Timelapse Shows Enthralling Process of a Growing Shiitake Mushroom

A photographer, fascinated by the fungi world, has recorded a creative timelapse of a growing shiitake mushroom, which shows the fascinating progress up-close.

Photographer and YouTube creator Jens Heidler, who has previously shared his innovative approach to documenting macro and timelapse work of various objects and the natural world with PetaPixel, like the 10-day cracking egg timelapse, has released a new video on his channel Another Perspective, where he recorded a timelapse of a growing shiitake mushroom.

As a self-proclaimed “mushroom fan,” Heidler plans to record timelapse videos of as many mushrooms as possible, while currently working with a variety of mushrooms, such as king oyster, lion’s mane, poplar mushroom, parasol mushroom, and king Stropharia. The latter will see recorded footage released in near future to follow this most recent shiitake mushroom video.

Heidler says that he has always been fascinated with great timelapse video in the past and was curious how to record video footage like that himself, which is why he entered the macro and timelapse world. He explains that one of the main things that bring excitement when shooting timelapse is that irrespective of a prepared plan, it’s likely that the creator will discover something new and interesting as the recording unfolds.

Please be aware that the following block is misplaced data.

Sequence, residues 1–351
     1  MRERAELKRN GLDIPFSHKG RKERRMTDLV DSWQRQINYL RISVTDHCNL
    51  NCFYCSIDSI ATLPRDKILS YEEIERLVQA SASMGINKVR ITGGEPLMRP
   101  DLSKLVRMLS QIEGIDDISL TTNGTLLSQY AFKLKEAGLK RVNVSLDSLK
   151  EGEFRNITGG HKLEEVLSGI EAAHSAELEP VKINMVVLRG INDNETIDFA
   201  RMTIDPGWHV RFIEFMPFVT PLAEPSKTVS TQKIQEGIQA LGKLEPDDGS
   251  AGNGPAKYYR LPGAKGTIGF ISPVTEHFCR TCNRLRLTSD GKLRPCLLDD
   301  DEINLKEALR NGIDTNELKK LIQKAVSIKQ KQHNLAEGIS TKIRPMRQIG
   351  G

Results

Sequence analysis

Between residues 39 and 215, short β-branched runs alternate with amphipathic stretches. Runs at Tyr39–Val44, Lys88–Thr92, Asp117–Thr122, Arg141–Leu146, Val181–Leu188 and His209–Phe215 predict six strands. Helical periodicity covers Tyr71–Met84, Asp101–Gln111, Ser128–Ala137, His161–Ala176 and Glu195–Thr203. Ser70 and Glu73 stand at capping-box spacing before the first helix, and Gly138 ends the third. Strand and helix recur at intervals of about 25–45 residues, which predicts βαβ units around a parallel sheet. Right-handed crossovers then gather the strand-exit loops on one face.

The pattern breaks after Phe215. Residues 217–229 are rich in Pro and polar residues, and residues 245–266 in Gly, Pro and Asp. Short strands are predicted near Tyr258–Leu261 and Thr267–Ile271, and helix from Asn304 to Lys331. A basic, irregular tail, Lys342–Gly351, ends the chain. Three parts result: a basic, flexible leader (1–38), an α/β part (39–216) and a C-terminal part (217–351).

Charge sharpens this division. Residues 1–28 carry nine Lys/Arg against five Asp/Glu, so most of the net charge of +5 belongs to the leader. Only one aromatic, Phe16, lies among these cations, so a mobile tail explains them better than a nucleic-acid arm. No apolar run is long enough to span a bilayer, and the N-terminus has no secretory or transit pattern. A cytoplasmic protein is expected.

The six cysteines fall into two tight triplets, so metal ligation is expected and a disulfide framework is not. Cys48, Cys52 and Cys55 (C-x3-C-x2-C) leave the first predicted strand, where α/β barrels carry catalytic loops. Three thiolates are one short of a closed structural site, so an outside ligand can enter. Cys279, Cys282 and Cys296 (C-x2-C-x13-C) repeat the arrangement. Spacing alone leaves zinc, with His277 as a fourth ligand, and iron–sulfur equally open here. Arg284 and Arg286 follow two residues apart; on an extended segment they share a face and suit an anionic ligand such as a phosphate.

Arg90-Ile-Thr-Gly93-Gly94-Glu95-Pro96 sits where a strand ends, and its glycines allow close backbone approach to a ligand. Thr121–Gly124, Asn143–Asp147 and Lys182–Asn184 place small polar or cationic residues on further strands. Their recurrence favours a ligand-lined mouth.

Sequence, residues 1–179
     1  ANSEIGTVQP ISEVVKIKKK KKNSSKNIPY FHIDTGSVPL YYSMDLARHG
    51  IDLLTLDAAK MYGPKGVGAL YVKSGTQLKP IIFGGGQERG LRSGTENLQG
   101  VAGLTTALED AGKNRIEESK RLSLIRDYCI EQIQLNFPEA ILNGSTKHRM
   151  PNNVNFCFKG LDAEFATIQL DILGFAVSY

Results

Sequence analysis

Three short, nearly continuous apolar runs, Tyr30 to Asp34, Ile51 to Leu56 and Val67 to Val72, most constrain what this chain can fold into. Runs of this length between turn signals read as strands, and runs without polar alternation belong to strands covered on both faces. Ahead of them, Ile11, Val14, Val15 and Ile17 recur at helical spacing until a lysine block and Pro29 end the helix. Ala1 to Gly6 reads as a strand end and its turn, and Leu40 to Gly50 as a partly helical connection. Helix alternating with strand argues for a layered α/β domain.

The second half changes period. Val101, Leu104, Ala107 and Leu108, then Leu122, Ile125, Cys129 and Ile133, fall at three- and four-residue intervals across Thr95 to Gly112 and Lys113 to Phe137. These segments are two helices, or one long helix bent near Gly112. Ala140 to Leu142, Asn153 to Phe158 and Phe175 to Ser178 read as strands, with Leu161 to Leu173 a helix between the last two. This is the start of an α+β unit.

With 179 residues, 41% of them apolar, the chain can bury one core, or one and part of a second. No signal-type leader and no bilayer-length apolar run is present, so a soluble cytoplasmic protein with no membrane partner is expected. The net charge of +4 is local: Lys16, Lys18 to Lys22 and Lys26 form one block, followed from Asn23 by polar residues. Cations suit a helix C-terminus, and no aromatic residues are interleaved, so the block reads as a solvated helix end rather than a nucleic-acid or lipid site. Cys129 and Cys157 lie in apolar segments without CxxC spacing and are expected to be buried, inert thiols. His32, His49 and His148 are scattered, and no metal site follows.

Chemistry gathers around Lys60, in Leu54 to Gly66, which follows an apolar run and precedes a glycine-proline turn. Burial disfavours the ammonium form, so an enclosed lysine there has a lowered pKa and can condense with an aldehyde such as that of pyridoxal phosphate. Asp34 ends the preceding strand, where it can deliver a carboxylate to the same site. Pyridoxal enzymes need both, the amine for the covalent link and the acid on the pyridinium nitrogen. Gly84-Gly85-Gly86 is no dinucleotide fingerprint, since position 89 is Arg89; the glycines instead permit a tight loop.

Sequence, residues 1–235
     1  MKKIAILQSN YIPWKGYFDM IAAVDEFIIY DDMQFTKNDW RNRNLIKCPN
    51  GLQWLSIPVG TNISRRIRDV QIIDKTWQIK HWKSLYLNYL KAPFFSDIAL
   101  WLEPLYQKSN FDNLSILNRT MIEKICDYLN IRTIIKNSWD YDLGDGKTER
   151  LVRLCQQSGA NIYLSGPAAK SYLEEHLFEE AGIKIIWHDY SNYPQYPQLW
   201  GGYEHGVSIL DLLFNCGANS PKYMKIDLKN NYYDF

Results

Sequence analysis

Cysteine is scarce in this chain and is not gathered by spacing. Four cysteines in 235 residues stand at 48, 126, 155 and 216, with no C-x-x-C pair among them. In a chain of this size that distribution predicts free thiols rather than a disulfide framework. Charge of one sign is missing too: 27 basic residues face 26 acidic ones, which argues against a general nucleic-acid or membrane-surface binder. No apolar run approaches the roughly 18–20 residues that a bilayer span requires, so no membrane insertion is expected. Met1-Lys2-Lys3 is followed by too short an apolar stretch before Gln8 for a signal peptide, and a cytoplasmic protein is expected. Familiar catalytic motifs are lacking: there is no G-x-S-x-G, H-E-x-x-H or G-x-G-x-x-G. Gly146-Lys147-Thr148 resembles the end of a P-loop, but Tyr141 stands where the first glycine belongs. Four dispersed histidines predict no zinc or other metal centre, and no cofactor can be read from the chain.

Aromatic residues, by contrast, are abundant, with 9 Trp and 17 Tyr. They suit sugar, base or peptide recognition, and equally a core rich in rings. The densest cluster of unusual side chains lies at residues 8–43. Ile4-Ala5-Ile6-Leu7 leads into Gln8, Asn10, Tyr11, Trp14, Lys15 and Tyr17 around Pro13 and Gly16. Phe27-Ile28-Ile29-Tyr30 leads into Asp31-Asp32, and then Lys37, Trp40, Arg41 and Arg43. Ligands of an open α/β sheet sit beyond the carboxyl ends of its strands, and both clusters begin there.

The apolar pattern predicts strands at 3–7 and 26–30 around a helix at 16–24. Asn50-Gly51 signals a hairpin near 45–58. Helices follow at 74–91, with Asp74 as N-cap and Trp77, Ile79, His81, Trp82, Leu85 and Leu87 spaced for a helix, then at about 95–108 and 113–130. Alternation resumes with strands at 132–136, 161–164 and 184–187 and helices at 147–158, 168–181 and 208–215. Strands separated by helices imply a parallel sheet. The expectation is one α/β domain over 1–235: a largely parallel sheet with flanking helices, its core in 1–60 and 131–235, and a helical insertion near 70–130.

When he started out shooting this type of work, he used a simple GoPro and has since upgraded to two entry-level cameras, Sony Alpha a6000 and a6300, and the full-frame Sony a7R IV. For his lenses, he uses Venus Laowa 60mm f/2.8 Ultra Macro and Sony FE 90mm f/2.8 Macro, which the photographer also uses to take photos from a longer distance at f/16 and f/22.

The two entry-level Sony cameras support apps that allow Heidler to take one image every five minutes, with no limitations, whereas Sony a7R IV doesn’t and the photographer needs to use an additional timelapse remote controller with it. Besides his cameras and lenses, his setup also includes a tripod, a dummy battery, and a simple softbox.

Heidler recommends other creatives to start out in the macro and timelapse world with something simple at first. For example, recording cress can give satisfying results because it grows very fast. After that, photographers and videographers can begin to plan the next steps by adjusting the light source, perhaps adding a rotation table or even a star tracker to mount the camera on, or a manual focus rail to add movement.

Although Heidler is currently preoccupied with recording the fungi world, he says that if he discovers other opportunities that would make an interesting timelapse, “the mushrooms will have to wait.”

Image credits: All images by Jens Heidler and used with permission.